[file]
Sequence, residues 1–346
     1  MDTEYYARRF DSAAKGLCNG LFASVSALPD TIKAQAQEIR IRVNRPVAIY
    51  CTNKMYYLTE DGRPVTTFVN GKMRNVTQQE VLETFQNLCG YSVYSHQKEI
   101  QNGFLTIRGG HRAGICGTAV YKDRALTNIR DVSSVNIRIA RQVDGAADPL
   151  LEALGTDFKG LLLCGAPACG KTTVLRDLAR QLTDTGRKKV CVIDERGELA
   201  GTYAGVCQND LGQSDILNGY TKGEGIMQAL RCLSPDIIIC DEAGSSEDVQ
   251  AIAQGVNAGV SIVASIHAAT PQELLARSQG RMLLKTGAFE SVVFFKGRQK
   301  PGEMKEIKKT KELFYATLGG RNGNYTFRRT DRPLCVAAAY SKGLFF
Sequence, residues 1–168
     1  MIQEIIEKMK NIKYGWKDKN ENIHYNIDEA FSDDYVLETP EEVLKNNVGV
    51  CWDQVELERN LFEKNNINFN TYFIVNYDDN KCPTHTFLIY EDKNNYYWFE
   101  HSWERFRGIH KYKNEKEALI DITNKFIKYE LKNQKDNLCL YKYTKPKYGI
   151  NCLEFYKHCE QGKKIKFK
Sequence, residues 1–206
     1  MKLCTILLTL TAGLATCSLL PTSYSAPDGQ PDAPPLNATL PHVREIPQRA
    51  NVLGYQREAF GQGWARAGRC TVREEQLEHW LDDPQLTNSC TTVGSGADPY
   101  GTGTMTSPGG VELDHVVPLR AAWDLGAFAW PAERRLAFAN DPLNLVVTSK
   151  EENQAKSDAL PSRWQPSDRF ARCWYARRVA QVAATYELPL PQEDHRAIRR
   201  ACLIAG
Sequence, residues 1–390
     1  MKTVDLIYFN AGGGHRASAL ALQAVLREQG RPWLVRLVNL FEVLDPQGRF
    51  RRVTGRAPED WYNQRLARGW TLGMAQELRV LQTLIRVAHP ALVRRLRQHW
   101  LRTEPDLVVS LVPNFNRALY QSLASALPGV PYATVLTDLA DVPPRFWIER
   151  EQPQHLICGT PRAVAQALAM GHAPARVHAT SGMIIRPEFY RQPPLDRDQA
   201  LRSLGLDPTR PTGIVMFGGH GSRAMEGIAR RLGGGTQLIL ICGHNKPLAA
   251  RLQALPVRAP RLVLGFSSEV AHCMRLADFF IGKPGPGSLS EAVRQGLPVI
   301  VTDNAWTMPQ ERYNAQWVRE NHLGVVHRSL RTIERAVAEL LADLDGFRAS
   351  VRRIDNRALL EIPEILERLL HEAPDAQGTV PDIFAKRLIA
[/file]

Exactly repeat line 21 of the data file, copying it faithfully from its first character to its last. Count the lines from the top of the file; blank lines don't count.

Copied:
     1  MKTVDLIYFN AGGGHRASAL ALQAVLREQG RPWLVRLVNL FEVLDPQGRF